Wednesday, March 17, 2010

J'aime l'Anglais

I have blogged a lot about Canada and Canadians and just how awesome we are. Today, I will admit to you, you stupid Americans, one little drawback about being Canadian. Actually, one pretty big drawback. Nous devons apprendre la francaise. For all you non-Canadians (do they speak french in other countries? God, let's hope not--it's a dreadful language) that means "we have to learn french". Yes, we have to learn six zillion verb conjugations (I swear, there are more exceptions than rules in french) and six zillion vocab words. I have french tests and french presentations and french exams (which, I suppose is another kind of test. But I think it deserves its own category because it always leaves me shaking and crying.).

The point of all this whining and complaining is to say that I have found, after eight long years of learning french, a new appreciation for the beautifully simple language that is english (what? is that you french people saying that english is complicated? Really? Then can you explain why you add an e after the g in mangeant?). I have come to appreciate my native tongue in a way I never did. I love english. I love speaking english. I love it love it love it (side story: I had a french exchange student at my house this summer who couldn't pronounce squirrel or word. It was endlessly entertaining). English rocks, what can I say?

Let's have some fun with english. Where do all these words come from? Well, blog, a term which you may or may not be familiar with (my wit is so quick, don't ya think?) comes from the words web and blog shoved together (kind of like Renesmee in Breaking Dawn--don't get me started on that one though) The word shopaholic (a la the Shopaholic series by Sophie Kinsella) comes from the word shop (which, I assume, we are all familiar with. Except maybe you french people) and the word alcoholic. Kind of like workaholic or chocoholic. Interesting, very interesting.

My favourite part about english is that all our swear words revolve around sex. I can't say any of them, obviously (I am too much of lady). But one of them might rhyme with puck (maybe, just maybe). The french swear words on the other hand, all revolve around religion, comme tabernac (which I feel fine saying. Who said lady's can't swear in foreign languages?). How boring is that?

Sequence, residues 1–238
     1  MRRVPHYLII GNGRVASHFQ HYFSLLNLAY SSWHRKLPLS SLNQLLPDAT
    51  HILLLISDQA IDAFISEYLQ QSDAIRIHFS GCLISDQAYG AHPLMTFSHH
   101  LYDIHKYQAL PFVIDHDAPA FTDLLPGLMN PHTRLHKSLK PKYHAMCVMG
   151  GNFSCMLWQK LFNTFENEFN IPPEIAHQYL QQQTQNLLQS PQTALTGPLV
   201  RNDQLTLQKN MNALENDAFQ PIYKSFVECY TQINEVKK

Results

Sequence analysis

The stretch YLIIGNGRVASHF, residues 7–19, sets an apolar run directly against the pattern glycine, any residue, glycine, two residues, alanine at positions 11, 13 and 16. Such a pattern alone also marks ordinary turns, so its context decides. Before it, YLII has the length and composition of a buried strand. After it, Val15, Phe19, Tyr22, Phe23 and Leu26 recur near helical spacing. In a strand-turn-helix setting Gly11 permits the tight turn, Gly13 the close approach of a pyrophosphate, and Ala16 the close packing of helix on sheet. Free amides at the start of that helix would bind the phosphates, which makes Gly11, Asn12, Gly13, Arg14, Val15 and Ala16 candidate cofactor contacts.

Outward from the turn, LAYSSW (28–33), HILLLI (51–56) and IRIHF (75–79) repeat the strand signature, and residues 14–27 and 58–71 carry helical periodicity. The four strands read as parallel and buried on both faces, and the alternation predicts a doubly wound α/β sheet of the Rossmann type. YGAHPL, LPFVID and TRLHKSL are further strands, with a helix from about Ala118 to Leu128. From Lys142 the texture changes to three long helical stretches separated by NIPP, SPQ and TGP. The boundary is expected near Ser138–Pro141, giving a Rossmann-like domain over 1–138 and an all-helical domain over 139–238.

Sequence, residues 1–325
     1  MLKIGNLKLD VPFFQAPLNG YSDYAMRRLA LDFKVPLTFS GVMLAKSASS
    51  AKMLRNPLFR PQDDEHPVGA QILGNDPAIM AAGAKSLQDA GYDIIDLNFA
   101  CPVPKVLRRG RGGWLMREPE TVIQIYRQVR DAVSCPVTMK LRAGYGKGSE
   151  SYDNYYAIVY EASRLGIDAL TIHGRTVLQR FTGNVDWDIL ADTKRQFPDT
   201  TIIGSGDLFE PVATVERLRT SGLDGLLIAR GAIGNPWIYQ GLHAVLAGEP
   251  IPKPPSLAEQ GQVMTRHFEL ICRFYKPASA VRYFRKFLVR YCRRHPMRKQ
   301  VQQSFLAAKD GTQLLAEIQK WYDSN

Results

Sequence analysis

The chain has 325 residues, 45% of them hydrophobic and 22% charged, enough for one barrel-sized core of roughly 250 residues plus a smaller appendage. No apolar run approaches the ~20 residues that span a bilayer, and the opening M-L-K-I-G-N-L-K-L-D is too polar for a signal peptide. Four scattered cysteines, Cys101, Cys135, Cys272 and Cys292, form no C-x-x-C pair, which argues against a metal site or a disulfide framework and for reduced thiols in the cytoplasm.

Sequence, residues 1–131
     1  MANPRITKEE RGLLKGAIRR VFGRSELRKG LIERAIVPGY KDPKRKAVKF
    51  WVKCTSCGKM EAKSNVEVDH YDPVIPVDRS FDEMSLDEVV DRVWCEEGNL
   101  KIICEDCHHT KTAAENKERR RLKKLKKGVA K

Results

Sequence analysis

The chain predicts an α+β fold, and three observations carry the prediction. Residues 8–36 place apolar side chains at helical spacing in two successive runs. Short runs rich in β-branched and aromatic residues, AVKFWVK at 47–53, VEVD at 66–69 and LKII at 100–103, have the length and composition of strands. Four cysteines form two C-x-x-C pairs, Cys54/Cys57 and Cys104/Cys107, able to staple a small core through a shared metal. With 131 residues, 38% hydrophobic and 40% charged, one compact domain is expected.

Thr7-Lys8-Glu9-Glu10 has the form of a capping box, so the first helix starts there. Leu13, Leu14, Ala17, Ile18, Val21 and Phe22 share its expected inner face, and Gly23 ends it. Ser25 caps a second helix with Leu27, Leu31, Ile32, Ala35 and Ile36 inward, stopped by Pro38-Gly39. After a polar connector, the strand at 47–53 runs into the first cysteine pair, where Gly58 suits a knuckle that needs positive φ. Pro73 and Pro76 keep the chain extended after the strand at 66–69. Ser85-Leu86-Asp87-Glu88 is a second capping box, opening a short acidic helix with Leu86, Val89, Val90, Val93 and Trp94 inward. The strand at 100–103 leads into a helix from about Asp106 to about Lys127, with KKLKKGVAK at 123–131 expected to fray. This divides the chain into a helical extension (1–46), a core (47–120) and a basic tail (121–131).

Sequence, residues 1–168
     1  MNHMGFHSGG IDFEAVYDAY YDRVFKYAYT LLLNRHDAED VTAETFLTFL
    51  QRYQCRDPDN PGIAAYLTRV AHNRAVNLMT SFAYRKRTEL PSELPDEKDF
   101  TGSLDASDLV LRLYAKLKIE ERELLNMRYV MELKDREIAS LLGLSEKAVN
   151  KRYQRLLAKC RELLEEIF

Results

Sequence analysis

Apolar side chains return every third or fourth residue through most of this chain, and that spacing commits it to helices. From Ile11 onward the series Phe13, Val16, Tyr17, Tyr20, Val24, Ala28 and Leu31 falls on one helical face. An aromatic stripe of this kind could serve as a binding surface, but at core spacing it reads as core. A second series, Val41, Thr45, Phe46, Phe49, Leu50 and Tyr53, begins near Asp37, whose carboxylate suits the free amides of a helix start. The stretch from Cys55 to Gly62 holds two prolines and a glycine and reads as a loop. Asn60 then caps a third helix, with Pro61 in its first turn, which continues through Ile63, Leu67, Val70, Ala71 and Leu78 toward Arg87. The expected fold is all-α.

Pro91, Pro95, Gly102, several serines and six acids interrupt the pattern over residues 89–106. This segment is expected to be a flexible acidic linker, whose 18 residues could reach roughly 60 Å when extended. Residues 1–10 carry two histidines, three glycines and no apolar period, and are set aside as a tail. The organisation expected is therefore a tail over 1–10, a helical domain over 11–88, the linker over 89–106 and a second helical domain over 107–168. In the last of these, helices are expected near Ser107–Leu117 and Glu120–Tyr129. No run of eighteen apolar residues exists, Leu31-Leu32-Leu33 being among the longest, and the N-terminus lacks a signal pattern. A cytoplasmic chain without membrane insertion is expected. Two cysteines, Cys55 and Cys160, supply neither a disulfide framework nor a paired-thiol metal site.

I learned all these fun facts about english while researching my philosophy essay (and no, I didn't get distracted and forget about the essay. I would never do that!) on the Merriam Webster website. I was looking up the definition for a word and then I saw this pretty button that said "Top ten word lists". You can't blame me for getting distracted. It had the words "top ten" and "list". I couldn't resist. As you well know, I'm a listaholic (which, incidentally isn't a word according to Merriam Webster. Maybe I should suggest it like people did on this list).

My favourite word in all these came from this list: phobophobia. Can you guess what it means? Yes, fear of phobias. That's english at it's best, I tell you.

I have come to the end of my diatribe, my friends (I should really get back to that essay). This will be au revoir for a few days while I make a quick trip to Montreal to visit McGill (a potential university). I will save up all my quips for saturday/sunday when I get back. 'Til then I know you love me.


Gossip Girl
(Just kidding, just kidding. I'm not Kristen Bell. But there was an opening and I couldn't resist)

P.S. I think I will leave this post without pictures. It is a tribute to the english language, is it not? Pictures just don't seem fitting (plus, what pictures would I add? A picture of a word? Or an englishmen? Or the entire province of Quebec with a cross through it? Now, that last one sounds interesting....)

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